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9 of 11 people found the following review helpful By John on 14 Mar. 2008
Format: Hardcover
Scenes from a Revolution: The Birth of the New Hollywood is traced through the events that lead to the production and nomination of "In the Heat of the Night", "Bonnie & Clyde", "Doctor Doolittle", "Guess Who's Coming to Dinner" and "The Graduate" for the best picture in the Academy Awards Ceremony of 1967. As you read it you become painlessly enmeshed in the practical nuts and bolts of movie making as well as the political, social and technological changes affecting their production and distribution. It is clearly based on meticulous research and interviews so you get both the contemporary take on things and the older and perhaps wiser reflections on events of many of the main characters.

The context is that Hollywood in the mid 60's was still mainly organised as factory-studios with the exception of United Artists that was a publisher-distributor (a producer put a creative package together and agree costs and profits and UA marketed and distributed.) But the whole system was in reality the walking dead. Before the mid 50's back to the 30's 5 of the 8 big studios also controlled the theatres. This link was broken by a 1948 Supreme Court ruling that required exhibition to be separate from distribution-production. This system had allowed the studios to do block booking which was usually a package of 5 films- one good and the rest a range of A and B stinkers. It was this practice that the judgement had ruled on. The solution was seen a divorcement which RKO as one of the weaker studio had jumped on for its own advantages so forcing a chain reaction of separation. Ironically, it was the first to be broken up by an outside conglomerate, stripped of its film assets and finally came out of the movie industry completely.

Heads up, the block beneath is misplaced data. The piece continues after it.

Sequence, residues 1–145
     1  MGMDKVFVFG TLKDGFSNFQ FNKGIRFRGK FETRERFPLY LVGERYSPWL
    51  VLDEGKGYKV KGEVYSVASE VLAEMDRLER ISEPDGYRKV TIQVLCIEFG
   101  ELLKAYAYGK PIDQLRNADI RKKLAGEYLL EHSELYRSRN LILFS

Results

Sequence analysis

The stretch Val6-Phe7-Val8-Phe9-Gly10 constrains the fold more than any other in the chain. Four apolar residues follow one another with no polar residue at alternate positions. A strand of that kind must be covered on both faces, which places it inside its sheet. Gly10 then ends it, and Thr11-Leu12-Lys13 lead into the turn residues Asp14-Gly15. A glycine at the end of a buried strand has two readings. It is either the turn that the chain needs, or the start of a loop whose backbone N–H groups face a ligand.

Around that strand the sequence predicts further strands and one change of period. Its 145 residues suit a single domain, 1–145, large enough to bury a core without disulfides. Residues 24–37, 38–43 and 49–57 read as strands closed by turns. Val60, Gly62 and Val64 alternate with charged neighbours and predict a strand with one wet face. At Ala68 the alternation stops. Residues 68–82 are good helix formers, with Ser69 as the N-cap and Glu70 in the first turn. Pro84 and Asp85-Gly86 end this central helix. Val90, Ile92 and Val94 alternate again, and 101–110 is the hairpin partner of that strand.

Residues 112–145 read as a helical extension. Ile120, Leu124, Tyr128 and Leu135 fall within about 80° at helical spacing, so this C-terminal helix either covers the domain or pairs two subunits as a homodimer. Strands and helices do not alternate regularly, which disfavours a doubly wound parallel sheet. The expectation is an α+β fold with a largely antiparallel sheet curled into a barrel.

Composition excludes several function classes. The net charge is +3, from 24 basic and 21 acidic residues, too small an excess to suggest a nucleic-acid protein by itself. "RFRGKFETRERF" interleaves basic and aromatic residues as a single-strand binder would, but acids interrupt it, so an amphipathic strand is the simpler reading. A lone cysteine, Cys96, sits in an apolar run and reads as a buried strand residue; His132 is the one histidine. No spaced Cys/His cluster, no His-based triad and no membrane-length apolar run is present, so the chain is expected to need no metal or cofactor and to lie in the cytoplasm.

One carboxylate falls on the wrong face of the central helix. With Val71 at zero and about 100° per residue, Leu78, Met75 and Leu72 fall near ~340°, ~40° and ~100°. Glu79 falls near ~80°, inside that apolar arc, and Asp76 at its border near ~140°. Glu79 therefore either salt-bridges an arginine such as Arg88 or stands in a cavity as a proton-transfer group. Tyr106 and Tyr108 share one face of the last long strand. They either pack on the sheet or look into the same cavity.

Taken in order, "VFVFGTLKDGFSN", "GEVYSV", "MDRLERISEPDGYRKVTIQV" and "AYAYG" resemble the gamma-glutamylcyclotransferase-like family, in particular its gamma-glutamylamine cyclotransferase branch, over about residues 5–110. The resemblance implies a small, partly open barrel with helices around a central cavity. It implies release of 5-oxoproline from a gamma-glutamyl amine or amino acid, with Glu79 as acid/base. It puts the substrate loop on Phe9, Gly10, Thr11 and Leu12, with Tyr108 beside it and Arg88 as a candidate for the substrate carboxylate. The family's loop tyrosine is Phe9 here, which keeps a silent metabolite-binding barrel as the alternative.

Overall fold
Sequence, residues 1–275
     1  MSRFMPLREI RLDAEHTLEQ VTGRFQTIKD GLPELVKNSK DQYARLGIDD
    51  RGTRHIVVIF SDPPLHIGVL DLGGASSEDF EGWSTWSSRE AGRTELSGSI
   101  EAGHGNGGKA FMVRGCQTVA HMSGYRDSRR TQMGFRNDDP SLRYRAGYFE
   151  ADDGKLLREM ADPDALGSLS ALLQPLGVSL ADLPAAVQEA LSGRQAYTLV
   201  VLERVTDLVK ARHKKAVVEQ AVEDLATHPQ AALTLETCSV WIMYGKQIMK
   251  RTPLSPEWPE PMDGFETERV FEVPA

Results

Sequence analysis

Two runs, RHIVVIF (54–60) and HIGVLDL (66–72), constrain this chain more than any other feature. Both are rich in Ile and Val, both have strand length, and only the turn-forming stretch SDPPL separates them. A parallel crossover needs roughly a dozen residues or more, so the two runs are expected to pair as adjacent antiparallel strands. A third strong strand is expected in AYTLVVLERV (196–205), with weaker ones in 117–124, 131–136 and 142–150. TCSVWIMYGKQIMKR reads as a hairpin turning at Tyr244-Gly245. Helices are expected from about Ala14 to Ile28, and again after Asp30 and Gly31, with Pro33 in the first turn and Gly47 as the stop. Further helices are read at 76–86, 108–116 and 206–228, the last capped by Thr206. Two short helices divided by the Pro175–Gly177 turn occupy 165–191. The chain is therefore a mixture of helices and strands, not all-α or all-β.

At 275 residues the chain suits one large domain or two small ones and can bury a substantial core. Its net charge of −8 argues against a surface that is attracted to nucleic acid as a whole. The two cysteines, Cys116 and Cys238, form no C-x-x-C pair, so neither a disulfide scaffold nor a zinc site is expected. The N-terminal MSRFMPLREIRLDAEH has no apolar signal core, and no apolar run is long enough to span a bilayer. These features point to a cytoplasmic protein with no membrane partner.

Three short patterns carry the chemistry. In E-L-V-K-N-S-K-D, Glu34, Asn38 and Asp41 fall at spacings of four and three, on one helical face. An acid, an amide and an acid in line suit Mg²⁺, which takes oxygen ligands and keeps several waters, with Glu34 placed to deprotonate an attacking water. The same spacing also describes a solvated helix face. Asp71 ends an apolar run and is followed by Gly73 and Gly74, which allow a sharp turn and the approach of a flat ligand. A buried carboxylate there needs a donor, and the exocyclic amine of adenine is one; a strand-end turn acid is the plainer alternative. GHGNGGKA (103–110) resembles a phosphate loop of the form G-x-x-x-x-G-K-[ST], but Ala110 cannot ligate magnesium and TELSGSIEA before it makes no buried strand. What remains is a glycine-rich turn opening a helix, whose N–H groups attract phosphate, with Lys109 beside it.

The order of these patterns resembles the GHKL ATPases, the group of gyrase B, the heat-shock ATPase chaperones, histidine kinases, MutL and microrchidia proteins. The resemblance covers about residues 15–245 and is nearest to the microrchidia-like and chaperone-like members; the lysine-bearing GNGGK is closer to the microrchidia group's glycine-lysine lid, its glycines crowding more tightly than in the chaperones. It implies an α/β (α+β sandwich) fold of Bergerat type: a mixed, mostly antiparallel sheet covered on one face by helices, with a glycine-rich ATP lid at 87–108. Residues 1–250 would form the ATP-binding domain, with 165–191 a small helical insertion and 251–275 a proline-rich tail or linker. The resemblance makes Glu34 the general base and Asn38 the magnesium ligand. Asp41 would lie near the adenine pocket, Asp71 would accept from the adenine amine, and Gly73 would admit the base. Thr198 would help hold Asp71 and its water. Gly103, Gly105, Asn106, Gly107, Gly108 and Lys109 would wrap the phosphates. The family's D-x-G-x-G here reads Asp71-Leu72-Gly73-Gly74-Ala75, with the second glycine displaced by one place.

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3 of 4 people found the following review helpful By Scriber_scouse VINE VOICE on 4 Feb. 2010
Format: Paperback
The Birth of New Hollywood is a very engaging look at one year of cinema and five now renowned films which were nominated for Oscars. This is written in an easy to read conversational style and generally avoids the poe faced jargon of so many other attempts to 'literise' film making. I enjoyed the way Harris looked at each movie charting the whole process from the writing of the script, to initial casting choices all the way up until the critics views of the films. Sometimes it was surprising to see how badly received some of these classics were. If I had any complaint about this it is that at times there is too much intercutting between different narratives about each film. This constant back and forth nature of retelling the pre and post production of the five movies makes it a difficult book to just dip into otherwise you lose the thread of each story. Overall though this is a great book for the person in your life who fancies themself as Mark Kermode.
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Format: Hardcover Verified Purchase
The only thing you want from this book is more detail, not that there isn't enough already. Not quite in the league of Easy Riders, Raging Bull but essential for anyone interested in either the birth of New Hollywood or how the Golden age of Hollywood came crashing down.